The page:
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Allstate Insurance Company v. State Farm Mutual Insurance Company No. 43, Sept. Term, 2000 - page 20 / 26





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have made, and what disposition it might have reachedin settlement if it had received notice before the

verdict was rendered in this case.” Id. at 295-96, 482 A.2d at 507. Compare, however, Scottsdale

Ins. v. American Empire Surplus Lines, 791 F. Supp. 1079 (D. Md. 1992).

Therehavebeenanumberofattemptsatdevisingastandardfordeterminingactual prejudice in

failure of notice or cooperation cases, ranging, on one end, from a requirement that the insurer demonstrate

that, but for the breach, the result at trial either would have been different or, as in the Harleysville

approach, a substantial likelihood that the resultwould have been different, to a “per se” approach, that

theinsured’sfailureitselfestablishesprejudice. Theproblemthatweseewithmany of the approaches, as

articulated, is that they tend to be keyed to the facts or circumstancesof the particular case and do not take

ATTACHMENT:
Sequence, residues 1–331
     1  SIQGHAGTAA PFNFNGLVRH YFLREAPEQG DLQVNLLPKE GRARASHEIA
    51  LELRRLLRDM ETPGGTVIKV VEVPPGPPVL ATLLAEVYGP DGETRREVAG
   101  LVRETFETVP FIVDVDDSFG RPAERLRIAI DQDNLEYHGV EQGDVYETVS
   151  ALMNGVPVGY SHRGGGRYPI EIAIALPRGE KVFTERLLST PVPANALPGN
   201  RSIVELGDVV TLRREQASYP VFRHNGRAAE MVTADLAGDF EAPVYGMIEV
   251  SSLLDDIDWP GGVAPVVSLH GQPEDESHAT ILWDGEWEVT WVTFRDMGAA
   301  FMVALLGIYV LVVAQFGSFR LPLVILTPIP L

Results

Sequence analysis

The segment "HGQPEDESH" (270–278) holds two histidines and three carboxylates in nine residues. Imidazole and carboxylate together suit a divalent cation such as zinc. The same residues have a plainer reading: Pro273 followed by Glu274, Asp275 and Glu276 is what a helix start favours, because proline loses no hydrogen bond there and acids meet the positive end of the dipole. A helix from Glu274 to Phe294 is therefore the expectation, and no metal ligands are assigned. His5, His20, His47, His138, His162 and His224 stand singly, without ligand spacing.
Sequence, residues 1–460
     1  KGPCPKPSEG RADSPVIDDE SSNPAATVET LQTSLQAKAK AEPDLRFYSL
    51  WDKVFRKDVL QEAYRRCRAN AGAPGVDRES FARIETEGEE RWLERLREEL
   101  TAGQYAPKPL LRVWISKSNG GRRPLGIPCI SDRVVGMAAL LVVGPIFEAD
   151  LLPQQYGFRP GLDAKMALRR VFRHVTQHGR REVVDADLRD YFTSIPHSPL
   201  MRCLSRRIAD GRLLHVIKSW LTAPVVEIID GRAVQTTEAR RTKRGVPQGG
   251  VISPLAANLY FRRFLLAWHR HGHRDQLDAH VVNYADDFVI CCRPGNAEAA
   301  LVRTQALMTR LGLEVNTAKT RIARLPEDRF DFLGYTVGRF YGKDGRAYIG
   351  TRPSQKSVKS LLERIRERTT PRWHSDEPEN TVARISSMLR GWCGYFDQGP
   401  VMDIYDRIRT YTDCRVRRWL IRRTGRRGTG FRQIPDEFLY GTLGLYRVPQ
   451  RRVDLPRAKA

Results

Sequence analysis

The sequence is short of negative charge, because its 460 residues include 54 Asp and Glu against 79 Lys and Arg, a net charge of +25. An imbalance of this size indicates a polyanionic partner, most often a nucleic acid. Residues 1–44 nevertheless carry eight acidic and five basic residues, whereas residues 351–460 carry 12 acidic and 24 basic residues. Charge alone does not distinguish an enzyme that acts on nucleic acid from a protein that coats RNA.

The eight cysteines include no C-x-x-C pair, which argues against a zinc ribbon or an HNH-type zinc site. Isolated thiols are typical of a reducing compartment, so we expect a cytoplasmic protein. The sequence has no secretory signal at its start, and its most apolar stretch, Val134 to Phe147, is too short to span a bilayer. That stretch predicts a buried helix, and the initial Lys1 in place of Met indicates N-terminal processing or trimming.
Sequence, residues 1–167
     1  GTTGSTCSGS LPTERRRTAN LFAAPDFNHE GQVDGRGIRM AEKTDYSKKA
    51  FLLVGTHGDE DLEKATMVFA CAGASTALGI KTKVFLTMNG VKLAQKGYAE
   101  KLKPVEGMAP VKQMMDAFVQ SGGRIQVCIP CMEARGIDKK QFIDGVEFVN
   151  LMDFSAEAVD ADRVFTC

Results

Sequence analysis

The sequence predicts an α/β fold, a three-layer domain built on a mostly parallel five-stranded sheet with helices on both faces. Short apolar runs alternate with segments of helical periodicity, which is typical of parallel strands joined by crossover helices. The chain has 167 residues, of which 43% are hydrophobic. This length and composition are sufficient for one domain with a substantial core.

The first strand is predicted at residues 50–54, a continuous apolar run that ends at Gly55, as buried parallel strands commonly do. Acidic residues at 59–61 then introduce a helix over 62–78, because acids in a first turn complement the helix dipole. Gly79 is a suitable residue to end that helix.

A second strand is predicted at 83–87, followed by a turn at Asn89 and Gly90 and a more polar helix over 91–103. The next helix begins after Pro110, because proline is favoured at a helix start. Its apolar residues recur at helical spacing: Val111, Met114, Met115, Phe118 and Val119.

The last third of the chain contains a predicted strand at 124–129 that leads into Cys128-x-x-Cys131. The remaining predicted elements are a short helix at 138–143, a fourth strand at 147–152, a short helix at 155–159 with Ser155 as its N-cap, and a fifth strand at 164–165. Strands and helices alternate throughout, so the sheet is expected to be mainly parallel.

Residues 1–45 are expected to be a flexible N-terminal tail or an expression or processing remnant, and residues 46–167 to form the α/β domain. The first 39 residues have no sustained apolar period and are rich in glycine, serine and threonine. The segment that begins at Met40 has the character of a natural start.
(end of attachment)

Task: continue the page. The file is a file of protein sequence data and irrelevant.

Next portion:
suf icient account of the very different circumstances, and thus the very different kinds of prejudice, that can

be presented by breaches of these provisions. It is very dif icult to fashion a workable “one size its all”


If an insurer is not givenprompt notice of the accident or of the claim, it may (or may not) lose the

abilityto discover relevant evidence, particularly the identity of witnesses and their contemporaneous

recollections. As we pointed out in Warren v. Hardware Dealers Mutual Fire Ins. Co., 244 Md.

471, 224 A.2d 271 (1966) and as the Harleysville court opined, whether that lost opportunity results

inprejudicecannotreallybeknown,ifatall,untila tertrialandverdictinthetortaction.3 Eventhen,there

3Given that the declaratory judgment action was tried before damages were ascertainedin the tort action, the question of prematurity was raisedin the trial court, but not found persuasive. The court noted that, because there had been a inding of liability against Kirby and no one disputed that Gregorie was injured and would likely recover substantial damages, no purpose would be served by waiting. Neither partyhas complained about that decision, so it is not an issue in this appeal. We suggest, however, that,


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